• To protect sensitive data in use at the endpoints, 87% of all respondents in Aberdeen’s research indicated current use of full-disk encryption in 2015, up from just 20% back in 2007.
  • More than 80% of the actual data breach incidents involving user devices were related to two primary root causes: physical loss or theft, and human error. For these risks, full-disk encryption provides a higher level of assurance that the desired data protection is actually in place, requires no involvement or decisions by the organization’s users about whether or not to encrypt, and has little to no impact on endpoint performance or user experience.

The problem is that I what I have been saying about the choice of full-disk encryption over file / folder encryption is correct in the context of protecting data in use at the endpoints. But when it comes to selecting an encryption solution for data at rest in back-end systems – for example, on file servers, network storage or cloud-based storage – the risks are dramatically different!

For data at rest on file servers, network storage or cloud-based storage, more than 85% of the actual data breach incidents were related to external threats (hacking), insider threats (misuse), or human error – which aligns with the strong adoption of file-level encryption for this use case, as observed in Aberdeen’s research. File-level encryption is actively protecting the organization’s data, whenever these back-end systems are online, available, and accessible – even if unauthorized access to these systems has been achieved by any of these most-likely actions.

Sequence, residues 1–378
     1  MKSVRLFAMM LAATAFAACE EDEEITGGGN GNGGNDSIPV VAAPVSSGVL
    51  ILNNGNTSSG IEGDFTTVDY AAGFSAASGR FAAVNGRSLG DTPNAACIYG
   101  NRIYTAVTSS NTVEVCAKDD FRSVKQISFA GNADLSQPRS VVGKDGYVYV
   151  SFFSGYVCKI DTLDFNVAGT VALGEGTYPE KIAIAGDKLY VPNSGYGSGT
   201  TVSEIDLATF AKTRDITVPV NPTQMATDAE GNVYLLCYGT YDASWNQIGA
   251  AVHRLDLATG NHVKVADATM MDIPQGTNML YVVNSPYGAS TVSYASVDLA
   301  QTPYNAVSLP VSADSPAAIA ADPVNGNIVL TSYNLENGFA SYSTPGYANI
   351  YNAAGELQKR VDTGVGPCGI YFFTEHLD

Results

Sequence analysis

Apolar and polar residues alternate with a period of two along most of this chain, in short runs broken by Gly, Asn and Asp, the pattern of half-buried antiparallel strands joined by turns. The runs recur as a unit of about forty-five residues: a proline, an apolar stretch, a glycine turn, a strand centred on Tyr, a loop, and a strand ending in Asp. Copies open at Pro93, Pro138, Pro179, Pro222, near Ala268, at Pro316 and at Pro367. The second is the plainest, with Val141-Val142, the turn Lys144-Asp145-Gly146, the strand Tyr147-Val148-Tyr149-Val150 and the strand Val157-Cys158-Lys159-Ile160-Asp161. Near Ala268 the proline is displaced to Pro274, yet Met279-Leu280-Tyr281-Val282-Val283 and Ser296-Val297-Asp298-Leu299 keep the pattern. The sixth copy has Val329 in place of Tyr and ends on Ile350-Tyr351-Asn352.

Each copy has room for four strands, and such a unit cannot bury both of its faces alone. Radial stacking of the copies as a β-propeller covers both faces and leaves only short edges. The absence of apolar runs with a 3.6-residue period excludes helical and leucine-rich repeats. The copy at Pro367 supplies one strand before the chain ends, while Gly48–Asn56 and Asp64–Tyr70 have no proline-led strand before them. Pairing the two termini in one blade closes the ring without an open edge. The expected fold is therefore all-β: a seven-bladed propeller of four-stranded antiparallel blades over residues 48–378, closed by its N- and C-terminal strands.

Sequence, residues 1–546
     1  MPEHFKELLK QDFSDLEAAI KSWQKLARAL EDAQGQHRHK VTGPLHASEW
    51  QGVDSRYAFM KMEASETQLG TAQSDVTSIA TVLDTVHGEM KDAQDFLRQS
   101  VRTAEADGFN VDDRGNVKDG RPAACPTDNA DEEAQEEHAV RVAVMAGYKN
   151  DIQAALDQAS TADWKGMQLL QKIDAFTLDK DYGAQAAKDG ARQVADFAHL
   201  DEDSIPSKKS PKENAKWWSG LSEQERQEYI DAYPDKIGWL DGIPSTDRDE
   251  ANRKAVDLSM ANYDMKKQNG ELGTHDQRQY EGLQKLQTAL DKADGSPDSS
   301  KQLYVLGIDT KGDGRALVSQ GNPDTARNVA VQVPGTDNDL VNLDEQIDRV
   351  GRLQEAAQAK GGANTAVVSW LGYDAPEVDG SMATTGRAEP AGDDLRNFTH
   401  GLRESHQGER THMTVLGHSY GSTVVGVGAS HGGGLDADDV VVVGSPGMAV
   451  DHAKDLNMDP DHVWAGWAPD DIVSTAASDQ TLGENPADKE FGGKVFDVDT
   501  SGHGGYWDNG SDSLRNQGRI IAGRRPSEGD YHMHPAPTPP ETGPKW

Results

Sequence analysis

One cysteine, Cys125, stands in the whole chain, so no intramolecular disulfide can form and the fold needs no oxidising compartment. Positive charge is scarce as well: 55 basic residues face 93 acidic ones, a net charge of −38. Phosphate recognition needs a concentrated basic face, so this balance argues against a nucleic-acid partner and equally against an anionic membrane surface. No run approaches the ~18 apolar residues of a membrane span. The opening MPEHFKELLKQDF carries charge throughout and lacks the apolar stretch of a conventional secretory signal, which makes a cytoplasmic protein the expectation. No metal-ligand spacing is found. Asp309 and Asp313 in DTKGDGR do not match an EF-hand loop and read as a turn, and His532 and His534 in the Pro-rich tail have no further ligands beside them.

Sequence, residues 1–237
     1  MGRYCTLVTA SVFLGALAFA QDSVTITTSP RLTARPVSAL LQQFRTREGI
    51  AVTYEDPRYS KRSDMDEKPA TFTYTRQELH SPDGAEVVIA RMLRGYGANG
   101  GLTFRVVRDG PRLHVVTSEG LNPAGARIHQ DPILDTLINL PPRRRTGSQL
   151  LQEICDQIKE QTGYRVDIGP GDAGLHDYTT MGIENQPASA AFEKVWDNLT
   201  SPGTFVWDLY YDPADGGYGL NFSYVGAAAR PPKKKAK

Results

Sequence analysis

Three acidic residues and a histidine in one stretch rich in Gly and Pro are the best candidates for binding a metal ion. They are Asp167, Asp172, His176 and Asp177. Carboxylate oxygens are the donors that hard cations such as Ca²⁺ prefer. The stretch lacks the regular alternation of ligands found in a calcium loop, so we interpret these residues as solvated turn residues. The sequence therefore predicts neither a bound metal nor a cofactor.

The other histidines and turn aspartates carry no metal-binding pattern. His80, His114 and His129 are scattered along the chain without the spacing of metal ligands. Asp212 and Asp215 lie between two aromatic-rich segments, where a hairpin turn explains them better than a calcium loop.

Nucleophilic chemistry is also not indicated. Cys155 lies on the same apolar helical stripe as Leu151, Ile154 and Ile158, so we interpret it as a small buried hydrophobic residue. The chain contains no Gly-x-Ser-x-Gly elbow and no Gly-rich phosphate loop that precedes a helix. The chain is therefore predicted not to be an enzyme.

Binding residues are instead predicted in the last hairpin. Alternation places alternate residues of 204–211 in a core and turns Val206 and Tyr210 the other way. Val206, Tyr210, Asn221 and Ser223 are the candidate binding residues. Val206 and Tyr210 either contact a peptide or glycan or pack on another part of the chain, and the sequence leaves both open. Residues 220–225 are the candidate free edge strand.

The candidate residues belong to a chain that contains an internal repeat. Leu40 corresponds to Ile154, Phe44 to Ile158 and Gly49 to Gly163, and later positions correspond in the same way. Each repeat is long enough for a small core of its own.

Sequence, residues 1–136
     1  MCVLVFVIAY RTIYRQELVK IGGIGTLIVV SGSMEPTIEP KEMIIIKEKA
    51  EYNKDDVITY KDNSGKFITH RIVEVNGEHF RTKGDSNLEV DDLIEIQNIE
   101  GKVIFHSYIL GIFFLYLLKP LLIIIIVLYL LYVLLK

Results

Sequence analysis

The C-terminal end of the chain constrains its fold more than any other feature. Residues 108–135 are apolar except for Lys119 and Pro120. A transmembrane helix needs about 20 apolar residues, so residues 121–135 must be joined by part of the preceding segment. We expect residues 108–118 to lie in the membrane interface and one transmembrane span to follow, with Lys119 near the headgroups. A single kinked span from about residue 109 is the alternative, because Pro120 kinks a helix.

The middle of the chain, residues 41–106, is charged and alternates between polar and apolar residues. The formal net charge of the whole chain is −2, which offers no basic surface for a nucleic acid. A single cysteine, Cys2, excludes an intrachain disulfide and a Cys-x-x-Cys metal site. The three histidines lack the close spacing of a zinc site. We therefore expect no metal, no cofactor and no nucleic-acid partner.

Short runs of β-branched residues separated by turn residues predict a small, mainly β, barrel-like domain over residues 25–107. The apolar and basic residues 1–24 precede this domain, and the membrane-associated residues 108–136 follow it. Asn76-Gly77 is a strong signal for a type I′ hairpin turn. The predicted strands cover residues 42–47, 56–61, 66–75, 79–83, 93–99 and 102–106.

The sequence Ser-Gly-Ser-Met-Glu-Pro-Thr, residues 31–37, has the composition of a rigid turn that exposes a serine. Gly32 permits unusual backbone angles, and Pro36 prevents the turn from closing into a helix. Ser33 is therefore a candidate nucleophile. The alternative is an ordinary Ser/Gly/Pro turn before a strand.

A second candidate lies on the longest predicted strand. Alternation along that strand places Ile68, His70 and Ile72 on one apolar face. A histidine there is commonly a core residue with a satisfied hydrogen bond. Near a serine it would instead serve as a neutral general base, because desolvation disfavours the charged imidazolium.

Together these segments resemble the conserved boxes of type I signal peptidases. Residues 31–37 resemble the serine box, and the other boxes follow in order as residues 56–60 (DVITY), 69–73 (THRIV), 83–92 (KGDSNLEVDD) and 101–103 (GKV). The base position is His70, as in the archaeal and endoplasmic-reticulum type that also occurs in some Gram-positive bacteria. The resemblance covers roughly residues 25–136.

At the same time, the risk of your NAS or SAN implementation being lost or stolen is obviously not as high as it is for your organization’s laptops, tablets, and smartphones. If your concern is for storage that gets decommissioned, then like any encryption solution, FDE would help to ensure that the organization’s data is not accessible. But based on the risk of physical loss or human error, the case for the simplicity of FDE just isn’t there when it comes to selecting encryption for data at rest in back-end systems. On the contrary, to protect sensitive data at rest in back-end systems, 4 out of 5 (78%) of respondents in Aberdeen’s research indicated current use of file-level encryption in 2015, up from 35% back in 2007.

The lesson, of course, is that the right approach is to carefully consider what risks you are trying to address, and to choose the technologies that are most appropriate to address them. As tempting as it may be to simply use a security technology that has worked in one area as the solution for another, when it comes to security one size doesn’t fit all.

To learn more about it, read the report called Selecting Encryption for “Data at Rest” in Back-End Systems: What Risks are You Trying to Address?, or watch the webinar on this important topic. In the meantime, try to avoid the mistake that I’ve sometimes made – which is to focus too quickly on the technologies, before properly thinking through the actual risks.